File Server Protocols At Risk: In looking at the four protocol types (file server protocols, directory protocols, database protocols, and remote control protocols), the vast majority of cyberattacks occur in file server protocols, which involve attackers moving files from one place to another. Thirty-one percent of organisations have at least one device exposing Server Message Block (SMB) to the public internet. FTP is Not As Secure As it Can Be: File transfer protocol (FTP) is not a full-service file access protocol. It sends files over networks as a stream and offers practically no security. It transmits data, including usernames and passwords, in plaintext, which makes its data easy to intercept. While there are at least two secure alternatives, 36% of organizations expose at least one device using this protocol to the public internet.
Protocol Usage Differs by Industry: This is indicative of different industries investing in different technologies and having different requirements for storing data and interacting with remote users. When considering all industries together, SMB was the most prevalent protocol exposed.
- In financial services, SMB is exposed in 28% of organisations.
- In healthcare, SMB is exposed in 51% of organisations.
- In manufacturing, SMB is exposed in 22% of organisations.
- In retail, SMB is exposed in 36% of organisations.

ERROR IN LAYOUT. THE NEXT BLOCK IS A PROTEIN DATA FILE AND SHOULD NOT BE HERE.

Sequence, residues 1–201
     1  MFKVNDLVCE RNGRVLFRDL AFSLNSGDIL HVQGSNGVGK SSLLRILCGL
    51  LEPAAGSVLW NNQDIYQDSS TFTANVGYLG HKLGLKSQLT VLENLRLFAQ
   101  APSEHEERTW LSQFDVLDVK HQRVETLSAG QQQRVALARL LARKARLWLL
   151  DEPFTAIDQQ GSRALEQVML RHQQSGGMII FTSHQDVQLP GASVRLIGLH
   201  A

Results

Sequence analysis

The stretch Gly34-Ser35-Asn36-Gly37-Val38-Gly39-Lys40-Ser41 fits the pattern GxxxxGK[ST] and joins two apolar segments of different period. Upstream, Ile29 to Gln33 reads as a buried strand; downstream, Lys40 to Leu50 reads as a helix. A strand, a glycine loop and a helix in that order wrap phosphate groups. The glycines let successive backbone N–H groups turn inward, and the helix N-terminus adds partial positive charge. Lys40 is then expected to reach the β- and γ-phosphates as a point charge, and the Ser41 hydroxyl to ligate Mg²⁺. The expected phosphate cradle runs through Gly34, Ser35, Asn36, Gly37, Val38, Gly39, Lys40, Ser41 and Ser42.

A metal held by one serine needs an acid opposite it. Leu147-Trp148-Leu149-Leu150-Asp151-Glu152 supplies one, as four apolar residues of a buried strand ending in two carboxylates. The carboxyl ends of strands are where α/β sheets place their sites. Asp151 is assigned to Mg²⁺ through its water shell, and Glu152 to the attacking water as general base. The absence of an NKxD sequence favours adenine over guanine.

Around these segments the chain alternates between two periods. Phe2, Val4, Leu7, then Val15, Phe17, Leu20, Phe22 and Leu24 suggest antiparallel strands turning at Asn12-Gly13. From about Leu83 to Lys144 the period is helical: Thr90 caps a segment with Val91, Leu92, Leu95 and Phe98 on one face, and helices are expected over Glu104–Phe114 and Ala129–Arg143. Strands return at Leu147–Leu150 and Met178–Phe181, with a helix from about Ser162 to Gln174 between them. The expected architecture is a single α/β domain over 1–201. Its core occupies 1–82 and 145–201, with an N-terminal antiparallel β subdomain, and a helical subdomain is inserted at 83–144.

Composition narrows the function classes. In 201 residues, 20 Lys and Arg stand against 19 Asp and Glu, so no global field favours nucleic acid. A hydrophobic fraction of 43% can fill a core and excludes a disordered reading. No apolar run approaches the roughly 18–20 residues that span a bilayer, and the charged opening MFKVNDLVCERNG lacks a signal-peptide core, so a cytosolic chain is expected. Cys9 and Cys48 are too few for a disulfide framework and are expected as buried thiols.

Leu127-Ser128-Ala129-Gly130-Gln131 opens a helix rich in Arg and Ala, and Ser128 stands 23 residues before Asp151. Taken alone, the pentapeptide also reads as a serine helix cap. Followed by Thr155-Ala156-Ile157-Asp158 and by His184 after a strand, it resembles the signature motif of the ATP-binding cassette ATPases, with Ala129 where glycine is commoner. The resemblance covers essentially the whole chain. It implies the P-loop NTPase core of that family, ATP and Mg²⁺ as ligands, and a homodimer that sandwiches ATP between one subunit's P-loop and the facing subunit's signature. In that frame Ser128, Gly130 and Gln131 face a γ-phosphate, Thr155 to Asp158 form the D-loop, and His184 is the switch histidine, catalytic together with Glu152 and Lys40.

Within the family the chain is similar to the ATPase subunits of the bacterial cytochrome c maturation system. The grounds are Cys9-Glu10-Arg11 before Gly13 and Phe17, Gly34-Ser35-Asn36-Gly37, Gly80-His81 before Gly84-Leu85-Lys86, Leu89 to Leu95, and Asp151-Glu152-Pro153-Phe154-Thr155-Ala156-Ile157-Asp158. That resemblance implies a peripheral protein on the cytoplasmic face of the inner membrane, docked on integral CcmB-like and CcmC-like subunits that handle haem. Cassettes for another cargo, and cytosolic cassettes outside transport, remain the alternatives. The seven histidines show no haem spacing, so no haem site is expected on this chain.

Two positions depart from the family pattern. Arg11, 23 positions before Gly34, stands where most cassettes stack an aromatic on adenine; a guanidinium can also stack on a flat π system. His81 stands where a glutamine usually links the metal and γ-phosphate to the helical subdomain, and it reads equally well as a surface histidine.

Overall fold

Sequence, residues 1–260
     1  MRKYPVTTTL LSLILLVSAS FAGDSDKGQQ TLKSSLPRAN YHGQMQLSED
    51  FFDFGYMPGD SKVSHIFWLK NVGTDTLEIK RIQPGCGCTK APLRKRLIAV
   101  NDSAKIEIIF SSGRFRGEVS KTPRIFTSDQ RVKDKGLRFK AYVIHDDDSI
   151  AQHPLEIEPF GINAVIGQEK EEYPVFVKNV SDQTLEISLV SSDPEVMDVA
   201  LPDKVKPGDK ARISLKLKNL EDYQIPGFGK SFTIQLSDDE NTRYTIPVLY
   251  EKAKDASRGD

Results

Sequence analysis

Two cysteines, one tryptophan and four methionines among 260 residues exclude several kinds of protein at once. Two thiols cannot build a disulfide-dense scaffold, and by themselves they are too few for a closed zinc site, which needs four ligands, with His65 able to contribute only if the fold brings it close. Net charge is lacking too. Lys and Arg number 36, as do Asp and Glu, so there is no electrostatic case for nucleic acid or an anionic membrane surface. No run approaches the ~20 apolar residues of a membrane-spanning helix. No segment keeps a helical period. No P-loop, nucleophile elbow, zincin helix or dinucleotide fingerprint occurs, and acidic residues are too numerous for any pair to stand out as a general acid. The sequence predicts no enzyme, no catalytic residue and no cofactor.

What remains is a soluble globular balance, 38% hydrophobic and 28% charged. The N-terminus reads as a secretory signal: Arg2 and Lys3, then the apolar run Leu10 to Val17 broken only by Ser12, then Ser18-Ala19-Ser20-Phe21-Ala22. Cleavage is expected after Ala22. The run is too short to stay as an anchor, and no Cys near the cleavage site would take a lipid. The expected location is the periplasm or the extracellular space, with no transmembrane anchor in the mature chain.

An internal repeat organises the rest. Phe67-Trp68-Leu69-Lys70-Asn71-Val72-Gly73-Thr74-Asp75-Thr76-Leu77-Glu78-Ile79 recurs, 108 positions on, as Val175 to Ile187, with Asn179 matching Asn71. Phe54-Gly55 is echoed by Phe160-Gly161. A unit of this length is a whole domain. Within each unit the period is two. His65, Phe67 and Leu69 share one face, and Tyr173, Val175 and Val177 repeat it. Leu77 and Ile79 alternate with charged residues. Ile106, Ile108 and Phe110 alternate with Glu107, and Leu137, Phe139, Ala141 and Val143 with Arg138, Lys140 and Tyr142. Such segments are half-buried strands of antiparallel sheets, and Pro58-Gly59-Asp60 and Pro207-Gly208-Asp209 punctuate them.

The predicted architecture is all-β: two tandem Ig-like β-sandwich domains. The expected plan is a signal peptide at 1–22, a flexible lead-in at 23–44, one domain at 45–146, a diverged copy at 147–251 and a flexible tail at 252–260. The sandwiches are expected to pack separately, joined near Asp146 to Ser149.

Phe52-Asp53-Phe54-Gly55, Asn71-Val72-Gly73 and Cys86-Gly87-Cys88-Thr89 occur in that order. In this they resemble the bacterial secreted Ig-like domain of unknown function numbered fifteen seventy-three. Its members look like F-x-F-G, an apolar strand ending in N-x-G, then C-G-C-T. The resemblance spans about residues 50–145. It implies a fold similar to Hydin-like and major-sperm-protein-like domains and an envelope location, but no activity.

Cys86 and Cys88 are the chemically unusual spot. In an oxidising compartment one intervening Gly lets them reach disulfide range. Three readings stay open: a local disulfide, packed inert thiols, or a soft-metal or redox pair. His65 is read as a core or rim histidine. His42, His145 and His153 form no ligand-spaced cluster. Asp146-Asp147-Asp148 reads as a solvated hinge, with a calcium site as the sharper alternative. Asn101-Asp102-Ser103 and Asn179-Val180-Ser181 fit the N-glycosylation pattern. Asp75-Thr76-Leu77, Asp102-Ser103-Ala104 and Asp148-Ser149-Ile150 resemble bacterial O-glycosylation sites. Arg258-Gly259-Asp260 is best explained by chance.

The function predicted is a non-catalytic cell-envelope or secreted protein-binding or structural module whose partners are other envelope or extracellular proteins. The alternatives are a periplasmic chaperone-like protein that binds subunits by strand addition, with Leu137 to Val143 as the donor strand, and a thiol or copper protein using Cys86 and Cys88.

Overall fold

- In State and Local Government, SMB is exposed in 45% of organisations.
- In tech, SMB is exposed in 19% of organisations.
Organisations Continue to Leverage Telnet: Telnet, an old protocol for connecting to remote devices, has been deprecated since 2002. Yet 12% of organisations have at least one device exposing this protocol to the public internet. As a best practice, IT organisations should disable Telnet anywhere it is found on their network.
"Ports and protocols are essentially the doors and hallways that attackers use for exploring networks and causing damage," says Jeff Costlow, CISO, ExtraHop.
"That's why knowing which protocols are running on your network and what vulnerabilities are associated with them is so important.
"This gives defenders the knowledge to make an informed decision about their risk tolerance and take actions such as maintaining a continuous inventory of software and hardware in an environment, patching software quickly and continuously, and investing in tools for real-time insights and analysis to improve their cybersecurity readiness."
Rohan Langdon, Area Vice President Australia and New Zealand, ExtraHop, adds, "The cyber risks faced by businesses are continuing to grow and for many organisations, the challenge is exacerbated because some of their IT systems in use were deployed years ago.
"They might be monitoring ageing equipment or managing core infrastructure and these could easily be missed when measuring the extent of the cyber risk being faced," he says.
"It's only when the total cyber risk profile of an organisation is understood, including east-west traffic and exposed ports, that a comprehensive plan for its management can be devised and implemented.
"Today, governments, product developers, the business community and cybersecurity professionals all have important roles to play in ensuring Australian organisations keep pace with the challenges faced when delivering a cybersecurity posture fit for purpose and aligned with industry regulation, Essential Eight compliance and both internal employee and external supply chain security."